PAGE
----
Getting to Know Janet Reno ‘60

Feb. 13, 2003
By Marc Zawel
Sun News Editor

Janet Reno ’60 knows how to relate to Cornell students.

“I struggled to get through chemistry,” said Reno with laughter in a sit-down interview with The Sun yesterday morning.

Reno, who arrived in Ithaca last Monday, is currently on campus as a Frank H.T. Rhodes Class of ’56 University Professor. During her time here, Reno will give two public lectures and will also participate in several policy analysis and management courses.

“It has been so exciting to be back,” Reno said. “One of the joys has been listening to students. It is wonderful to see the gorges and speak with faculty members.”

And, according to Reno, while new buildings have been constructed since she has left, not a great deal else has changed.

“Cornell was exciting in 1956 and it’s exciting now,” she said. “Just coming up the hill, talking to so many different people from so many different backgrounds has been incredibly exciting.”

Some changes have been more subtle than others.

“When I walk into RPCC [Robert Purcell Community Center], more attention is paid to the needs of students,” Reno said. “More sensitivity is provided to supporting the needs of students [in creating] a more complete campus.”

“The [Herbert F. Johnson] Art Museum is a marvelous facility,” Reno added.

Reno then reflected on the encounters she has had with students since her arrival.

“I’ve spoken to a lot of students,” Reno said. “They want to be involved, to contribute, to make a difference.”

“It’s an extraordinarily exciting time to be at Cornell,” Reno added.

The University should have two main missions, according to Reno.

First, the University should “take a leading role to teach students ‘the truth’,” Reno said. Citing the diversity of fields at Cornell, from psychologists to experts in media, law and communication, Cornell offers students a “remarkable opportunity to inform [themselves],” she added.

Secondly, Reno said that Cornell could “make a splendid contribution by using all the research and information available to … understand how we develop strong communities.”

“How can we give opportunities and deliver services to children who can’t help themselves?” Reno asked.

Reno also emphasized the importance and value of strong family ties. “In all that I’ve done, the important thing … is taken care of a family when I needed to.”

When asked how college students could insure ties after leaving home, Reno said, “it’s great with modern communication. Letters are different than e-mail though, you have to think of the words … e-mail is more chatty than philosophical.”

Reno then addressed the war in Iraq, terror alerts and the PATRIOT Act.

“Terrorist who inflict harm on Americans must be brought to justice,” Reno said. “We must also take measures to prevent attack.”

“I have not been privy to classified information,” Reno said. “But the idea that anyone who questions the PATRIOT Act is un-American concerns me,” she added. “We should be able to discuss issues constructively, that’s at the heart of America.”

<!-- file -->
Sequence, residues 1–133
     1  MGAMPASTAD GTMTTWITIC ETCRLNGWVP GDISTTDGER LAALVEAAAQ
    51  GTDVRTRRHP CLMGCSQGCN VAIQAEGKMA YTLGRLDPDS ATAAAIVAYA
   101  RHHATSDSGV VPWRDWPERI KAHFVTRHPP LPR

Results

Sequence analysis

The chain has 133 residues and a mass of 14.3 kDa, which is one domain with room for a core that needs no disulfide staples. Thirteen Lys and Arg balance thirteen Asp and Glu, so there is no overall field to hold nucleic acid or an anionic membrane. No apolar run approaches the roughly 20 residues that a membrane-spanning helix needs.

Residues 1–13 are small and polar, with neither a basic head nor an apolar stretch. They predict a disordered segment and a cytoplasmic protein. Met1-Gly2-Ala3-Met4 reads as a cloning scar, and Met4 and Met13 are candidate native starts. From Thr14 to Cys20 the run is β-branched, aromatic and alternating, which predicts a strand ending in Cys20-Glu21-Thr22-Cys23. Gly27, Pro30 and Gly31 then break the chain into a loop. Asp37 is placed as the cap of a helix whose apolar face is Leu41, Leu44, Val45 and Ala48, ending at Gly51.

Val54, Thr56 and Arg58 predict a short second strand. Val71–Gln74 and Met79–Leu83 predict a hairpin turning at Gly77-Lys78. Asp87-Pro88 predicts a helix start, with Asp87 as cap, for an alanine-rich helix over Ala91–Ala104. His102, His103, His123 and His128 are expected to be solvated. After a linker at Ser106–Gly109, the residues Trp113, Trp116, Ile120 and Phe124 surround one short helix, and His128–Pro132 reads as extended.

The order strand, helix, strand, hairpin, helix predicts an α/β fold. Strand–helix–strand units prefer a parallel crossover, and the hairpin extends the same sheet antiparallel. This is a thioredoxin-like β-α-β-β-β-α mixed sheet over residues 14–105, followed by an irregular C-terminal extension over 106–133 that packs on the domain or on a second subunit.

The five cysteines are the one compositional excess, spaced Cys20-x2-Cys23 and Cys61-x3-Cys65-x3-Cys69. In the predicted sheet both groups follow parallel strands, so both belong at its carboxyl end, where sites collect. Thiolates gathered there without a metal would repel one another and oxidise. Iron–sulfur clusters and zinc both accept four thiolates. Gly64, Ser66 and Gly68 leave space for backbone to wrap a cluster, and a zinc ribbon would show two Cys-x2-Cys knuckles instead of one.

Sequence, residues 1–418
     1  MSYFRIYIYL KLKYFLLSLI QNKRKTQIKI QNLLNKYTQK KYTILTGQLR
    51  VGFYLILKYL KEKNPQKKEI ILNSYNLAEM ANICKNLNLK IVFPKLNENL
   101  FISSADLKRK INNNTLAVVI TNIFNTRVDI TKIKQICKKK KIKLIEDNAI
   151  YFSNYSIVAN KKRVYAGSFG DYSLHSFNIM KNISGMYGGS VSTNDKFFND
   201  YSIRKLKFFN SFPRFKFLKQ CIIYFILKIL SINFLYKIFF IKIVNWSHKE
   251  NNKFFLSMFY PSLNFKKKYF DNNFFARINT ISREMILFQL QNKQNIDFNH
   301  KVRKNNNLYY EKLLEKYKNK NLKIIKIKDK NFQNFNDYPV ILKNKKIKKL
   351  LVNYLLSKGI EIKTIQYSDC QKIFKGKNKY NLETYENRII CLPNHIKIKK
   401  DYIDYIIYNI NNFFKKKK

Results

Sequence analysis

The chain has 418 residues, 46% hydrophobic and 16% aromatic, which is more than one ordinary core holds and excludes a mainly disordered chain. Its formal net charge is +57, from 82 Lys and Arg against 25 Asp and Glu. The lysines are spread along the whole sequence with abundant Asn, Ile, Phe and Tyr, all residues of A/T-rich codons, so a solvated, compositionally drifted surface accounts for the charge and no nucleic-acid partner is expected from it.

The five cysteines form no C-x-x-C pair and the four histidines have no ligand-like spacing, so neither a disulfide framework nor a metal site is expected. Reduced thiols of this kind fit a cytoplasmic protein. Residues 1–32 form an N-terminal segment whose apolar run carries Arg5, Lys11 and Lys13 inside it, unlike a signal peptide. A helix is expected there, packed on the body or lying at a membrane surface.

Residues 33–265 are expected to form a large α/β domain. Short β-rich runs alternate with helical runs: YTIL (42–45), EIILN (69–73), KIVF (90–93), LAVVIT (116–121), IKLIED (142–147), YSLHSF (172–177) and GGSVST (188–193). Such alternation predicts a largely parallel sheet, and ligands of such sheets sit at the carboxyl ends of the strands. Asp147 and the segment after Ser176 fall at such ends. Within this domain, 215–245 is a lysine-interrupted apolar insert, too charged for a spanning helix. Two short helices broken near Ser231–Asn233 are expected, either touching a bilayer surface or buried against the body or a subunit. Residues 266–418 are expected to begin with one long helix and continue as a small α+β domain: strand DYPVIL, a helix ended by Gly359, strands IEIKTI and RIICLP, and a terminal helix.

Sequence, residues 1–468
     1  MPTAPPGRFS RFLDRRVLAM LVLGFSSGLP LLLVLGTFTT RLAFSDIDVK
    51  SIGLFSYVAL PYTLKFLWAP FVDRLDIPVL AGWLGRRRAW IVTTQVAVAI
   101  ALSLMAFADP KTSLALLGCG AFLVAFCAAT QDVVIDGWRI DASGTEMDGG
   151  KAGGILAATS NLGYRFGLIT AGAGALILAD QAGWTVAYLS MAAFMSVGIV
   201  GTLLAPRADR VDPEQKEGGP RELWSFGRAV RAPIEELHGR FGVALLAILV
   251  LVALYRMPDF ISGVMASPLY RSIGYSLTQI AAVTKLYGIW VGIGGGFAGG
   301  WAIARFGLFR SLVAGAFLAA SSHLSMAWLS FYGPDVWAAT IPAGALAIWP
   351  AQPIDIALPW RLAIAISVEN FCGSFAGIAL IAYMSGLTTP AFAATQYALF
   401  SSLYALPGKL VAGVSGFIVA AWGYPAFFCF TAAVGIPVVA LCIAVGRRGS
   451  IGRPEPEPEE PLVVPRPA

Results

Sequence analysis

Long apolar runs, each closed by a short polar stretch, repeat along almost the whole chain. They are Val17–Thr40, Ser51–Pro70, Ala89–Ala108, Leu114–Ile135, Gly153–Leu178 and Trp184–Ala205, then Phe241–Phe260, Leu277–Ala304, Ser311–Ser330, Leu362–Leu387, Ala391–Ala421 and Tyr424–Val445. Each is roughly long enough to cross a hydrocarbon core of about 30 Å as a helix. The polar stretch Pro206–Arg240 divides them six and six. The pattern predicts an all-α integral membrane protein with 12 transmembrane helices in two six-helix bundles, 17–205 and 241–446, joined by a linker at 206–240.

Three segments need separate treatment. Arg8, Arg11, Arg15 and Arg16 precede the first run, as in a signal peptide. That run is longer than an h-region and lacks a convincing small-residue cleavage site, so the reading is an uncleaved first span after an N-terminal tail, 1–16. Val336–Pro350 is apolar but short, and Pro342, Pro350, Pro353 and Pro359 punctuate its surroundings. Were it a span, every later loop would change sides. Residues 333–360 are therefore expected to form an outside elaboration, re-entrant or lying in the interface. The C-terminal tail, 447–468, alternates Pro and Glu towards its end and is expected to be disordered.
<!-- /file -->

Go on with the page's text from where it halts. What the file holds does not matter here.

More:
“All time requires that people be on alert,” Reno said. “You have to be able to live your life freely. It is the possibility of terror; you can prevent so much, but things do happen.”

“These students have seen war on television but have never experienced a prolonged war,” Reno said. “We all have a responsibility to cherish and protect our place in the world.”

Reno then gave her stance on the government’s actions. “They have to be prepared … when they can’t identify where the threat is coming from,” she said.

“It’s important to bridge the gap where we can so all of America is operating at its optimal being and we can work together to resolve these issues,” Reno added.

In addressing the role of women in today’s world, Reno cited how only 60 of her 544 classmates at Harvard Law School were female. “Women now occupy political positions at local levels,” Reno said.

Reno, however, remains optimistic.

“I think we will see a woman as president in my lifetime. I don’t know if we know that person yet, but I think it’s coming,” she said.

Finally, Reno offering some parting advice to students.

In coping with criticism, Reno has learned to “take a deep breath, relax and just wiggle.”

“I’ve tried to learn from my mistakes,” Reno said. “If you do that, you can go to sleep comfortably at night.”

“Speak out and discuss, but do so in a constructive way,” Reno added. “And, do not take the vote for granted.”

Future plans for Reno involve taking a step back from the public spotlight. “I want to perfect my kayak role, read and write,” Reno said. “I am going to continue to enjoy myself, taking time to stop and smell the roses, walk along the bridges over the gorges.”

And, if an active woman like Reno were to get bored? “It’s wonderful to travel across this country and see the communities from 150-200 years ago,” Reno said. “I want to get a red truck and travel around this great country.”

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